Medical malpractice as an epidemiological problem

Michelle M Mello, David Hemenway
Social Science & Medicine 2004, 59 (1): 39-46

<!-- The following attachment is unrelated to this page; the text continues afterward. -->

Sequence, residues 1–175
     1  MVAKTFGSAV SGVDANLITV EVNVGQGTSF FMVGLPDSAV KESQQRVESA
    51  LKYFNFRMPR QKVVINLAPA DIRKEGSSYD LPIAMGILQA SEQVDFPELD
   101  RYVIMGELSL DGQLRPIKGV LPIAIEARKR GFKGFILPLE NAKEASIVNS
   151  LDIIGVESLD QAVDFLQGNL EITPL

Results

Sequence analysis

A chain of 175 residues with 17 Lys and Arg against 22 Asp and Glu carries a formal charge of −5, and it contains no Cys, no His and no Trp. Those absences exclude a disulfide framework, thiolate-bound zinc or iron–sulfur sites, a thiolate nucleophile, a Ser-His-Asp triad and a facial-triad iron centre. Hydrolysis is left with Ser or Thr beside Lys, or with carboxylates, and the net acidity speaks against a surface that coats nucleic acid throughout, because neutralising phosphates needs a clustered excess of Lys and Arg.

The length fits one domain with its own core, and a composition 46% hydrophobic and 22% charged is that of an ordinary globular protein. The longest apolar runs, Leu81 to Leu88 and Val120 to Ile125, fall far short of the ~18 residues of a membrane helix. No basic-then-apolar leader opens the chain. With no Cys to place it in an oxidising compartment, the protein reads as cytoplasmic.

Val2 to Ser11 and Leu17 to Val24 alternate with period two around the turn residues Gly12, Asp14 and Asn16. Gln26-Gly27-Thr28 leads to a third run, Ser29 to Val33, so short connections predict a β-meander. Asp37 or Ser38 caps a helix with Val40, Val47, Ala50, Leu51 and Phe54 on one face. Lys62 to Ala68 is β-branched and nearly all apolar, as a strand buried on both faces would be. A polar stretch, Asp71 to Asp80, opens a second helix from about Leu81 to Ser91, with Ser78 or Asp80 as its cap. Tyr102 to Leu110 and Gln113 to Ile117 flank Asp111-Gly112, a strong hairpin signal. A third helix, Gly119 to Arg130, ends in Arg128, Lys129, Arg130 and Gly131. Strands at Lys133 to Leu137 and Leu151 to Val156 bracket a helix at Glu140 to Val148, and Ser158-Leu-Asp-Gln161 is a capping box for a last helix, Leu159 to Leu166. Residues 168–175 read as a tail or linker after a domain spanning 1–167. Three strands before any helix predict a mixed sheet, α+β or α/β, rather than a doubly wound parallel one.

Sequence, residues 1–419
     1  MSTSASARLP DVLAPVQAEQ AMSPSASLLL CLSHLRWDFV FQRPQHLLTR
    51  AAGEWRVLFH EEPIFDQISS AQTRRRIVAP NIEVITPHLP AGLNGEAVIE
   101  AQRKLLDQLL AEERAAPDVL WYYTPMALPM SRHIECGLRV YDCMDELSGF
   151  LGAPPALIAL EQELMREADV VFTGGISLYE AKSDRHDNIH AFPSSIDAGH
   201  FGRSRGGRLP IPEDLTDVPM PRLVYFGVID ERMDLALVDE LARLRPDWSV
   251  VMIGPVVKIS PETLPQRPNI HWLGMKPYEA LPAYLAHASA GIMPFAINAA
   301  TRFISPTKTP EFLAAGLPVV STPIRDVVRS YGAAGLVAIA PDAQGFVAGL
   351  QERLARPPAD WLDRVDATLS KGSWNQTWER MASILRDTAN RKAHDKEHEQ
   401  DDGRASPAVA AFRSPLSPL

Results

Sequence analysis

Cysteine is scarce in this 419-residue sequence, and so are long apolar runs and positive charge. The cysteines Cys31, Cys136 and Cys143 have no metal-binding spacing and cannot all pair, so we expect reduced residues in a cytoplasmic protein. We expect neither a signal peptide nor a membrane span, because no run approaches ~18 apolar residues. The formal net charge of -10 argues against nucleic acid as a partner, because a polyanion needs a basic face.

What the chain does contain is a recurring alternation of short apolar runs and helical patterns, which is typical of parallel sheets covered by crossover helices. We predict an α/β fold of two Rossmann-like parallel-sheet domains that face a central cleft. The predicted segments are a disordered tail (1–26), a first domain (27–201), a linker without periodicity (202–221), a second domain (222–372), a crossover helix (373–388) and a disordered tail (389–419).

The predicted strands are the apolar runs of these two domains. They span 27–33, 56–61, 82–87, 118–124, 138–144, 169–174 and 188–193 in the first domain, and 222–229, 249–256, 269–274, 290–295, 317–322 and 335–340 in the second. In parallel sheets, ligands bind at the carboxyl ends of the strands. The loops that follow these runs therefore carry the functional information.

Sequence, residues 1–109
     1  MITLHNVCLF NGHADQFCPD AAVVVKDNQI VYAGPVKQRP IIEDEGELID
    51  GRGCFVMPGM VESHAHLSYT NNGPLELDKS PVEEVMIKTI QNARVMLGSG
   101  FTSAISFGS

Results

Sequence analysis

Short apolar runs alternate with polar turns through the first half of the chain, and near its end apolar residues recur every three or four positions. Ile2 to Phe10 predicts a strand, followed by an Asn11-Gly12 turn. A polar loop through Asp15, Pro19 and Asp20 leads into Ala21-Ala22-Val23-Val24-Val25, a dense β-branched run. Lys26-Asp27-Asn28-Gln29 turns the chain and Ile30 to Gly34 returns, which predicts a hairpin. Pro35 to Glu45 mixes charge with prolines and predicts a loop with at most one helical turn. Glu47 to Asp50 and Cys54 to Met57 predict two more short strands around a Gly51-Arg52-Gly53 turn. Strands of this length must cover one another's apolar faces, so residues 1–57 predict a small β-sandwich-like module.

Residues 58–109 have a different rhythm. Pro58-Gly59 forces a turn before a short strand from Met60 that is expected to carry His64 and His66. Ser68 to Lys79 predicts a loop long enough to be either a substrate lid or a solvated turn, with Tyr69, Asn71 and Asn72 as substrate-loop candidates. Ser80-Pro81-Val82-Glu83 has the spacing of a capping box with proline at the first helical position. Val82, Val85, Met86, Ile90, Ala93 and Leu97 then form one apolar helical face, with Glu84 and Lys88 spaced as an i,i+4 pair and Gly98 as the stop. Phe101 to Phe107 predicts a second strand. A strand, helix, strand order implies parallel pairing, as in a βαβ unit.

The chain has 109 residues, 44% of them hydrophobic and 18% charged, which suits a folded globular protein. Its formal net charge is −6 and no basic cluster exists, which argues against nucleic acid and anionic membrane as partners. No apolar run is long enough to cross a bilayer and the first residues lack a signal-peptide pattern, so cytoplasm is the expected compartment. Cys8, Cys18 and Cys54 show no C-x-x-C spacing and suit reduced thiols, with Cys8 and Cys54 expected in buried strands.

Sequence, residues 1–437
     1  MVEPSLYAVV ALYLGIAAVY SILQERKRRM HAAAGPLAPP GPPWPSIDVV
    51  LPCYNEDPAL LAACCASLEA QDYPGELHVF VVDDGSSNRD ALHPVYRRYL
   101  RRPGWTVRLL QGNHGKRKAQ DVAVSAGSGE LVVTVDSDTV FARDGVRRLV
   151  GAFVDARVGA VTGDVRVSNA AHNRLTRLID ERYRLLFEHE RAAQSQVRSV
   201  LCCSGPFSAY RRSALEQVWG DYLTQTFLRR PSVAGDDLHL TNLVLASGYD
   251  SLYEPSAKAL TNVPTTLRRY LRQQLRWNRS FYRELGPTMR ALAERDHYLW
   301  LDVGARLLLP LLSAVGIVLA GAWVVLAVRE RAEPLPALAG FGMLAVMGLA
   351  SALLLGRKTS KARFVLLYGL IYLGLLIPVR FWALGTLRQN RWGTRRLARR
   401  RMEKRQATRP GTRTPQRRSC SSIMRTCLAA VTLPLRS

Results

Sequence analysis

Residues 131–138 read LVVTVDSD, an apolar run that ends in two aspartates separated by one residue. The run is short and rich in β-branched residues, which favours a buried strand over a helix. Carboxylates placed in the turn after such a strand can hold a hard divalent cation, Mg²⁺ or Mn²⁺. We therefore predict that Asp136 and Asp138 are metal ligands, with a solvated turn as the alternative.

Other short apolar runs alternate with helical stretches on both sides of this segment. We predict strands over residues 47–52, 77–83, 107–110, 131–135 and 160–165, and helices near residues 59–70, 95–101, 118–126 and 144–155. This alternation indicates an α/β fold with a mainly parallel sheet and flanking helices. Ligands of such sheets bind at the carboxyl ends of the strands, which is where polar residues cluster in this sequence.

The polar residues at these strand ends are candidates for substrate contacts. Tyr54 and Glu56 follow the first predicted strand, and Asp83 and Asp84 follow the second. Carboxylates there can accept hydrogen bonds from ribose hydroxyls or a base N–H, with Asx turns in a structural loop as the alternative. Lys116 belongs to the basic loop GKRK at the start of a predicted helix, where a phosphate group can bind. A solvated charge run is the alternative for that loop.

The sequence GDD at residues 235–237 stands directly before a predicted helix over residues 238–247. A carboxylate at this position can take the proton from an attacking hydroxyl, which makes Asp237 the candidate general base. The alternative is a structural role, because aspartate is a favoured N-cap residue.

The notion that the tort liability system deters negligence in health care has been invoked to make the "business case for patient safety." However, existing data on the relationship between hospital adverse events and malpractice claims typically are interpreted as evidence that the tort system does not deter negligence because of the poor fit between those who are negligently injured and those who sue. Using a familiar analogy from epidemiology--the problem of false positives in screening tests for rare diseases--and data from two large studies of medical injuries and malpractice claims in the United States, this paper presents an argument that the standard interpretation overlooks a complexity in the data. Although most malpractice claims do not actually involve a negligent injury, a patient who suffers a negligent injury is more than 20 times more likely, on average, to file a claim than a patient who does not. However, because malpractice claiming is a rare event with many false positives, for the average hospital or group practice, even substantial improvements in rates of negligent injury will not lead to a large reduction in claims rates. These findings suggest that the strength of the business case for patient safety depends on the perspective from which one views the data.

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